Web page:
Guest Feature: An Outsider Look at General Electric

July 2, 2019

Happy Canada Day!  Hopefully this article is a nice start to your first day back to work.  I am proud to introduce my second, but not any less important, guest writer: Mark Letchumanan.  Today’s post comes almost 4 months after Mark first submitted to me this writing on GE’s new CEO.  Fortunately, Mark’s words are timeless.  I hope you find as much value from his insight as I did.

Before I let you enjoy Mark’s writing, I just want to provide a small introduction.  Mark introduced himself to me at the beginning of 2019 after he read one of my blog posts that I posted in the Capital Compounders FB group.  This is one of the reasons I prefer to keep my writing free: I consistently meet amazing people.

Mark and I immediately got along, and I eventually learned that he has already passed the CFA Level II exam and is currently working in the investment management field.  Mark quickly became a mentor to me in many aspects beyond just investing.  As someone who believes in God, I don’t think it was coincidence Mark was placed in my life during a period that definitely ranks among the more challenging.

Mark has been largely influential in my investment management as well.  He’s pushed me to concentrate my portfolio and has challenged my convictions in multiple holdings (an extremely valuable asset for me).  He even did some ground work for me by attending RIWI’s annual general meeting back on May 15.  This reinforced our confidence in the company (I provide an update halfway through my RIWI article).

I had told Mark how writing has benefited my investing career immensely, so I encouraged him to write on a company of interest, which I would in turn post on this InvestorsFriend blog (an offer that is open to any other readers as well).  Mark was hesitant at first, but he worked tirelessly and diligently to finish his writing on GE back on March 11.  I gave it a read, and it was quite incredible, not to mention for his first go…and I let him down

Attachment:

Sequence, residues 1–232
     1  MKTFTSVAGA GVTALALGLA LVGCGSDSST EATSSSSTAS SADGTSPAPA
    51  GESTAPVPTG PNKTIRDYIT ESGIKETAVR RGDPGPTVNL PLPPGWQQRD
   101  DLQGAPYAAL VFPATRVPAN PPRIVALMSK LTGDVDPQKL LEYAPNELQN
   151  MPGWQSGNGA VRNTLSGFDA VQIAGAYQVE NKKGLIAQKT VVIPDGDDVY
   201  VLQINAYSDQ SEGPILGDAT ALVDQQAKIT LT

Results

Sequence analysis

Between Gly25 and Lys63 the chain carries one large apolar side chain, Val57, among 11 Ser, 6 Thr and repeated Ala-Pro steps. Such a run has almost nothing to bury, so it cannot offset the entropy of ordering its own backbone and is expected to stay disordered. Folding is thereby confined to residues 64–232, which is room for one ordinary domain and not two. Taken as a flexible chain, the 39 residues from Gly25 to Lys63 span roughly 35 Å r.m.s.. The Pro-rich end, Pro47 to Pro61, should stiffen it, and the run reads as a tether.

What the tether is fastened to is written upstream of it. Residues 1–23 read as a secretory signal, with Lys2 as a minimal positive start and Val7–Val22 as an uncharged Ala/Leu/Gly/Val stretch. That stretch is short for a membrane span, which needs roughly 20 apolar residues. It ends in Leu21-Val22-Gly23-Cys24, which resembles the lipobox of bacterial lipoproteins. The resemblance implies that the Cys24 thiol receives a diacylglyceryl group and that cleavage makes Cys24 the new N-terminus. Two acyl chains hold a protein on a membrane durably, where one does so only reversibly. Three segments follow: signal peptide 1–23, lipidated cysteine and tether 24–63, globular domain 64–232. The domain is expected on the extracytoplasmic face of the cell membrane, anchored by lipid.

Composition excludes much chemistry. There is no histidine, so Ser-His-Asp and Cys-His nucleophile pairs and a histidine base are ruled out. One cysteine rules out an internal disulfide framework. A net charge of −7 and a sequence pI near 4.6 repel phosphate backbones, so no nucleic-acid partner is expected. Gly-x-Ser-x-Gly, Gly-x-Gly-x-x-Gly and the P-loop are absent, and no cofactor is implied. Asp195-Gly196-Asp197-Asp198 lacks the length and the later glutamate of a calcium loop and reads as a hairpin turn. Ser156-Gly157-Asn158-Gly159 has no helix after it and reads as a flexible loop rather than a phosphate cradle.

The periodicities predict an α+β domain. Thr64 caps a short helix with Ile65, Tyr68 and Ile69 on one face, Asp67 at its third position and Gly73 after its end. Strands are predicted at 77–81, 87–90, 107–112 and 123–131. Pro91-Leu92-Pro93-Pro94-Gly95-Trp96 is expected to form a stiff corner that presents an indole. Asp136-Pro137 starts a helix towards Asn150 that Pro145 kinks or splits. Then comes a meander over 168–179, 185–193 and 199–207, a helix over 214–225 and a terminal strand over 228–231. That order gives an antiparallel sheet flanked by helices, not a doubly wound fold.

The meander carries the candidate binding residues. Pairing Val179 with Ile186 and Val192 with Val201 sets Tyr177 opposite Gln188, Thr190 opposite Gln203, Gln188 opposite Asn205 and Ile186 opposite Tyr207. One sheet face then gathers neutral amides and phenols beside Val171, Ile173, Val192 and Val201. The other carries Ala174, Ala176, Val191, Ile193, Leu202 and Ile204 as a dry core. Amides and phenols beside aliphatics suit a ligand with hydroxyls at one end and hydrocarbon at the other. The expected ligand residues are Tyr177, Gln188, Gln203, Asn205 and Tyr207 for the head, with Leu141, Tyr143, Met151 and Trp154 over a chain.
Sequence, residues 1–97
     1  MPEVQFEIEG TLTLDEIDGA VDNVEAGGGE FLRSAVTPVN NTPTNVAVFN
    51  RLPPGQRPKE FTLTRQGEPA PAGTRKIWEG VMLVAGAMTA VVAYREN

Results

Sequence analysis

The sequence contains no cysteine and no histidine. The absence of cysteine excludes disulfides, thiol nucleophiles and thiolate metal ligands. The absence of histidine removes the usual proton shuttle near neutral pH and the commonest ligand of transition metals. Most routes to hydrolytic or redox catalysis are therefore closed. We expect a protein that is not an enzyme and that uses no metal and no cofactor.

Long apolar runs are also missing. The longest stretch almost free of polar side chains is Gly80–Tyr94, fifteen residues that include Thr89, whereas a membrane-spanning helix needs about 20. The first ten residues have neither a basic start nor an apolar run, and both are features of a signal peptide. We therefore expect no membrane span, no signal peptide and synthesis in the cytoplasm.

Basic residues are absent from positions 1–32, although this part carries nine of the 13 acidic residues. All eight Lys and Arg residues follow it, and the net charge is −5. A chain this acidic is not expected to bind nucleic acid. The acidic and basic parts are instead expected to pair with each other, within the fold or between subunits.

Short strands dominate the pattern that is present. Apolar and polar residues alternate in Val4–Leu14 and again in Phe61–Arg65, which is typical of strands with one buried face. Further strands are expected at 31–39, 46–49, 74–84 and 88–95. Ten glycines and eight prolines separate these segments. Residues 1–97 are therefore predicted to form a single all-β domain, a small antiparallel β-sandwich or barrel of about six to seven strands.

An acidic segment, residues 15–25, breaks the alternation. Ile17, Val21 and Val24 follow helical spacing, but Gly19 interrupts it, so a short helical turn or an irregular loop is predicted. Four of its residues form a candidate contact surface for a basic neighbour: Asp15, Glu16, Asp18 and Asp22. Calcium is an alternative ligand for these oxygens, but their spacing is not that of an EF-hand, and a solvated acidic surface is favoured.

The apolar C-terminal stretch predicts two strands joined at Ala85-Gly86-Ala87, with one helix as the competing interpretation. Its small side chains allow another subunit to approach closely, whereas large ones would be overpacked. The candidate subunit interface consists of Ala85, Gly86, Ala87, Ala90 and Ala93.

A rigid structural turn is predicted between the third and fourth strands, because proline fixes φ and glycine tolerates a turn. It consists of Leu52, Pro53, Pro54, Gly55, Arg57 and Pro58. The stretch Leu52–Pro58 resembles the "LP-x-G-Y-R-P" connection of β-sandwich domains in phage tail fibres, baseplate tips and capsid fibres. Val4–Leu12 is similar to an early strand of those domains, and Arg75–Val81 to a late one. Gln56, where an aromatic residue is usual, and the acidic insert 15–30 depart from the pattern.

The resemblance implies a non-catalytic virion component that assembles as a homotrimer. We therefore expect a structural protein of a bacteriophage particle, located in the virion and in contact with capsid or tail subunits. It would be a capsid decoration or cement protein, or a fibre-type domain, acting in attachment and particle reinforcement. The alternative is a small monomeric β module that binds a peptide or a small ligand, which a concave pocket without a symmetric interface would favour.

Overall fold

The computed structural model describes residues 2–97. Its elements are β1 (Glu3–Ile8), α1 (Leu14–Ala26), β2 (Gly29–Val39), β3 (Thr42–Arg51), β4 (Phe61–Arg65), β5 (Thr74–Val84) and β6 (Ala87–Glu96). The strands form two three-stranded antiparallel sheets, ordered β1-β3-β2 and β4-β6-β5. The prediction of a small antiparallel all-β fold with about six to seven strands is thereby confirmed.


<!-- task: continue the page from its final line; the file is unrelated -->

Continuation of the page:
He submitted his writing concurrent to my sale of Shopify and discovery of RIWI, both of which I felt obliged to immediately write about for my readers.  I additionally (unnecessarily) wrote an introduction to The Outsiders so my readers would have some background knowledge before reading Mark’s article which was inspired by that book.

I then realized how screwed I was for the CFA Level I exam if I didn’t focus on my studies immediately, and essentially put my entire life on hold for the last 3 months…which leads me to where we are today.

None of the above justifies the delay of me posting his writing, so this is my formal apology to Mark.  Fortunately he is a very forgiving man, but I still feel a public apology is deserved.

Without further ado, I introduce Mark’s writing below 🙂

An Outsider Look at General Electric

General Electric has been a bit of a mess these last few years. With the recent appointment of Larry Culp, their third CEO in three years, are we to believe things will be different this time? Is there a way for us to evaluate whether an investment opportunity exists with GE? I believe there is. Similar to evaluating a startup, let’s begin by looking at their new CEO and decipher whether he has some of the traits found among other successful, market-beating leaders of conglomerates.

Larry Culp’s Background